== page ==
On the other hand, if we get a black president, the media will have no choice but to present the black race in a very different way than it’s been presented in the past. BROOKE GLADSTONE: Is there anything that political strategists can take away from your research? TONY GREENWALD: First, let me say whenever you hear a politician say, you know, it’s the policies that are going to influence the voters - taxation, health care, education, Social Security, etc. - you know, my research doesn't take me there at all. I think it’s not the policies. I think it’s the simple associations.
For example, what do we know about Biden? Well, some people know details about him. But if there’s a sound bite that he came away with, it’s “goes home to Wilmington every night.” That’s a great sound bite in terms of associating him with good things, like home. And notice, he’s not associated with Washington, D.C., which some politicians want to distance themselves from, but rather Wilmington.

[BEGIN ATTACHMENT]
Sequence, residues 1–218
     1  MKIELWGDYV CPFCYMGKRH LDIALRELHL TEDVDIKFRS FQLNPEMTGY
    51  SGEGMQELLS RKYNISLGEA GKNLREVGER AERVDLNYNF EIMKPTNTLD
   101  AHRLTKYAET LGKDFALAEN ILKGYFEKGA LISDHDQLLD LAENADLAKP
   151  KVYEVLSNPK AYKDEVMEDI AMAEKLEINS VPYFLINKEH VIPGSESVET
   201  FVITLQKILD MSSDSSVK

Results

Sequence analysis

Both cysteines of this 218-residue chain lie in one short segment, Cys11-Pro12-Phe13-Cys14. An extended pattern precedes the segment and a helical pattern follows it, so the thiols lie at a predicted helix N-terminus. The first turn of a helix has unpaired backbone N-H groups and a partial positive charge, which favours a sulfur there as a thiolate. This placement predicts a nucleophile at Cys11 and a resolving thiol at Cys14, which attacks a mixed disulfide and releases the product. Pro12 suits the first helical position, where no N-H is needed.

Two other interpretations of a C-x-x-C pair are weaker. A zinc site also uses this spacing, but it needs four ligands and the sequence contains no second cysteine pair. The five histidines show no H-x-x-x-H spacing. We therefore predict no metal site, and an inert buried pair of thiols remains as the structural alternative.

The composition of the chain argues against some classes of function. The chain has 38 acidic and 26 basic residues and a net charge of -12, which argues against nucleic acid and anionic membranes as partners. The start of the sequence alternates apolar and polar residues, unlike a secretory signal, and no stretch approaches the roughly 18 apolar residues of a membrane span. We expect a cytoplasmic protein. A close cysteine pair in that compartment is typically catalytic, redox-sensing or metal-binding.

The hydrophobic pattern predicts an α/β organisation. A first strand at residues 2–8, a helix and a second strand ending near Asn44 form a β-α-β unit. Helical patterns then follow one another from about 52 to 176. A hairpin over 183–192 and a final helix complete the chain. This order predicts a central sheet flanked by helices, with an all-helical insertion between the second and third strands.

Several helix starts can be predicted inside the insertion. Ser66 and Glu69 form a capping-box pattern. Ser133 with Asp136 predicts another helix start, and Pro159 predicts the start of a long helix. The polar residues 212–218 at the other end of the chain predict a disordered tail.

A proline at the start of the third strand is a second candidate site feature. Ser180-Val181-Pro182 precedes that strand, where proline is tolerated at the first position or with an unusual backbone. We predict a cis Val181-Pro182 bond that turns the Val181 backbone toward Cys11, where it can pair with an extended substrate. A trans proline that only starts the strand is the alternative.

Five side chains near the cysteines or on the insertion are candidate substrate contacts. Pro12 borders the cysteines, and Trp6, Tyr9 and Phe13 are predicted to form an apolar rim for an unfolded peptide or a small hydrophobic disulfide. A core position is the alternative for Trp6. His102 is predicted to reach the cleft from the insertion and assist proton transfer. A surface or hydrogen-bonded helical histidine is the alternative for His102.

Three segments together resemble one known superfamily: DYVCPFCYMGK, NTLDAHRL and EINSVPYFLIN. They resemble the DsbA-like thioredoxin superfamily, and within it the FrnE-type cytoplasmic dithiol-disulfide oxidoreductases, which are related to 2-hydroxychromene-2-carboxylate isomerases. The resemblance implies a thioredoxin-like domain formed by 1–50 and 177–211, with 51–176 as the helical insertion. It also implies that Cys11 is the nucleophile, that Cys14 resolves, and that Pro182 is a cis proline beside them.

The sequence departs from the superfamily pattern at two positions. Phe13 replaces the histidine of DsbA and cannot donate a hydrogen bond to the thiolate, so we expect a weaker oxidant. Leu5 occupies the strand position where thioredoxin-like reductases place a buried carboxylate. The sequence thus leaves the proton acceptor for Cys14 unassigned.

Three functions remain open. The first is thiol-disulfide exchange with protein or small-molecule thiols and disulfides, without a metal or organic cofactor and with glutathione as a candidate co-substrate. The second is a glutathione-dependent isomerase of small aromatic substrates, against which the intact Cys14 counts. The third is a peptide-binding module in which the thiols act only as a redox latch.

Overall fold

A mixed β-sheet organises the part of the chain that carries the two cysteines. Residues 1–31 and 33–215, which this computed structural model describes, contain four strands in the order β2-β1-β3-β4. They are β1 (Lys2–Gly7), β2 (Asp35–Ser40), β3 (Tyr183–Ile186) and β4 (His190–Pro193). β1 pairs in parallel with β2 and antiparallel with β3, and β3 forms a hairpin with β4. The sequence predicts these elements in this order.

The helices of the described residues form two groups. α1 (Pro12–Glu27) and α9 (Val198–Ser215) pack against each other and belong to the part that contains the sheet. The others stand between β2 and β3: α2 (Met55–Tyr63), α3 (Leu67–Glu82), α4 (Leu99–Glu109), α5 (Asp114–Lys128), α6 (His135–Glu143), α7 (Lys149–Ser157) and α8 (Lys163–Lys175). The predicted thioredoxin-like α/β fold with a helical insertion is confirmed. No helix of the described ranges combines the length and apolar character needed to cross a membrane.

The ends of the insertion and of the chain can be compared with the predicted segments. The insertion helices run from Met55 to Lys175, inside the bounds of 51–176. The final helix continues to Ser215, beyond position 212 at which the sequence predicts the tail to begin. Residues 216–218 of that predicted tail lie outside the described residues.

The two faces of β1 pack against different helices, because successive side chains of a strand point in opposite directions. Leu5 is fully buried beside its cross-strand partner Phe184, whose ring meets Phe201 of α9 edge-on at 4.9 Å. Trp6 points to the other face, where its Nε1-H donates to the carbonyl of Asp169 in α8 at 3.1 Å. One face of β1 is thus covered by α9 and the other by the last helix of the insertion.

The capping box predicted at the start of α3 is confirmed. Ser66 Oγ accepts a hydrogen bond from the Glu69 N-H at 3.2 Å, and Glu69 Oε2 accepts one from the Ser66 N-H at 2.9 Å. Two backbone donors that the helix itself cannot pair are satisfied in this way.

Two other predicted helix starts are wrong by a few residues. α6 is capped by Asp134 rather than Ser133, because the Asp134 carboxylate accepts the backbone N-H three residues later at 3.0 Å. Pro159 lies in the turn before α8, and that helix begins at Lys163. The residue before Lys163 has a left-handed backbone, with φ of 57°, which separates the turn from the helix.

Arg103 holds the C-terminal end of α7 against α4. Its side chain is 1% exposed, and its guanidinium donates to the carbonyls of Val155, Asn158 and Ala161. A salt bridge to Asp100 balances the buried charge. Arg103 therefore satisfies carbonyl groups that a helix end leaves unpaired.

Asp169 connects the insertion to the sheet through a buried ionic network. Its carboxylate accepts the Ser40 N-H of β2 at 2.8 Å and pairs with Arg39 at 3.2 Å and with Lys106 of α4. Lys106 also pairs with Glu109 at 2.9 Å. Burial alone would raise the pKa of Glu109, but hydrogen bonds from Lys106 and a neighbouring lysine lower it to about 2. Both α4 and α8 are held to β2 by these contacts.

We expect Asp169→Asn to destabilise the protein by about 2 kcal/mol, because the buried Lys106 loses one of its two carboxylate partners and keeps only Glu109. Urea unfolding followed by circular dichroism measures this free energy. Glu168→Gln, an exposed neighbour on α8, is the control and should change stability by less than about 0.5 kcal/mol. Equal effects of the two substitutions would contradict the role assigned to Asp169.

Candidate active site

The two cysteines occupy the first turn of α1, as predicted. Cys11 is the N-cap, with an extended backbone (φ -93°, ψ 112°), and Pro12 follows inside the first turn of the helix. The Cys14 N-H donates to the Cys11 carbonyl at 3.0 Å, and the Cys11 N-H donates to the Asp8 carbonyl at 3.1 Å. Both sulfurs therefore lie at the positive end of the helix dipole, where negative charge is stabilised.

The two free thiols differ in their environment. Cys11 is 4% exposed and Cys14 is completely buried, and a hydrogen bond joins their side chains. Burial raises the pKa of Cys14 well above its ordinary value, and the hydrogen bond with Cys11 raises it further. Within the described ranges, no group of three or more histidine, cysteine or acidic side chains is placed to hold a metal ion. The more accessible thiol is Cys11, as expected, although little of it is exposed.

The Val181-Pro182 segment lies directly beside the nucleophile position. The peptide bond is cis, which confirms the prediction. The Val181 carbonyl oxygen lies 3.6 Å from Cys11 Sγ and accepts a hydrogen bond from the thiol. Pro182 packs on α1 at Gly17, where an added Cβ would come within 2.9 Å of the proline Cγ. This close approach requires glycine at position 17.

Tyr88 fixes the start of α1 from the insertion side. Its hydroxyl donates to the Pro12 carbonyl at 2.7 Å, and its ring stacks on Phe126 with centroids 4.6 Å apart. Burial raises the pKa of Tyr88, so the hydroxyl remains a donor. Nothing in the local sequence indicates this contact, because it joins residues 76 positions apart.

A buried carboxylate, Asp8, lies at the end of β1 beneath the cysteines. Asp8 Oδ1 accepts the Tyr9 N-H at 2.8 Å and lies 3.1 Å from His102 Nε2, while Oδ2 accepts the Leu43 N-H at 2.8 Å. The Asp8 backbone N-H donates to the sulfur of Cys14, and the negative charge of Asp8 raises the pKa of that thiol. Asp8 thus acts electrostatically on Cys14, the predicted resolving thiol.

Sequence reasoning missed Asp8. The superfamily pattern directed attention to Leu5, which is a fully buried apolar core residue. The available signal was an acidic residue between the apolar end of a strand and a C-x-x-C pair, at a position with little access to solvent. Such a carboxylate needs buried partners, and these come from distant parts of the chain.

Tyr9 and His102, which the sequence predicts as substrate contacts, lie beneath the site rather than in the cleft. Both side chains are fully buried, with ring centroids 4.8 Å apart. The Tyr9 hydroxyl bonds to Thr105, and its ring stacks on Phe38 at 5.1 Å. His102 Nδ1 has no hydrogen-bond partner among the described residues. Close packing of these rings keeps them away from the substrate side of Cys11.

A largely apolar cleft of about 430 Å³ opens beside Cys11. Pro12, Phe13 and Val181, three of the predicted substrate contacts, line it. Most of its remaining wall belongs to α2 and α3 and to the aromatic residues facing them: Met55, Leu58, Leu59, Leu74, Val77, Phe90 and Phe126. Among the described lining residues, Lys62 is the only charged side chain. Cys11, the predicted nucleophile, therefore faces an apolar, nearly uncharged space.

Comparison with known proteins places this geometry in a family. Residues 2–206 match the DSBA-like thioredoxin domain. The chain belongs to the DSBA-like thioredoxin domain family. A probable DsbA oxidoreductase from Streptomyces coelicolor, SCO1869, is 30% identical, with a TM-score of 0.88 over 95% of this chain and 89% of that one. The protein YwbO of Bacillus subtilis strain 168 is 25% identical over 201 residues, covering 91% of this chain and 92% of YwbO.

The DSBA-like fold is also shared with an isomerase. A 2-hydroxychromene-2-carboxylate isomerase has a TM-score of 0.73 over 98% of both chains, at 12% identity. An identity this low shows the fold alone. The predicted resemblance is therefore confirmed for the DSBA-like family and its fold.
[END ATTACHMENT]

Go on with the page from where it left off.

And I heard a phrase at the convention that I am sure is going to come up a lot, and that is “a race for the future.” For Obama to get an association of himself with the future and try to link McCain to the past, those are simple associations that could work very well. And if you’re going to have a race, you actually want a young guy to be doing the running. [LAUGHS] BROOKE GLADSTONE: So what do you think we can take away from this research, that most of us are, on some subconscious level, just immovably racist? I mean, that’s depressing. TONY GREENWALD: I wouldn't say that. I do think that we have associations with race that will influence our behavior even though we don't want those associations to influence our behavior. In fact, I'm convinced that race is importantly involved in this presidential election. Just how it’s going to play out we don't exactly know. We are in uncharted territory. We have never had a campaign and an election like this. BROOKE GLADSTONE: Tony, thank you very much. TONY GREENWALD: Well, you’re very welcome. Thanks for being interested, Brooke. BROOKE GLADSTONE: Tony Greenwald is a professor of psychology at the University of Washington in Seattle. He created the Implicit Association Test with colleagues at the University of Virginia and Harvard University. We'll link to the test from our site, onthemedia.org.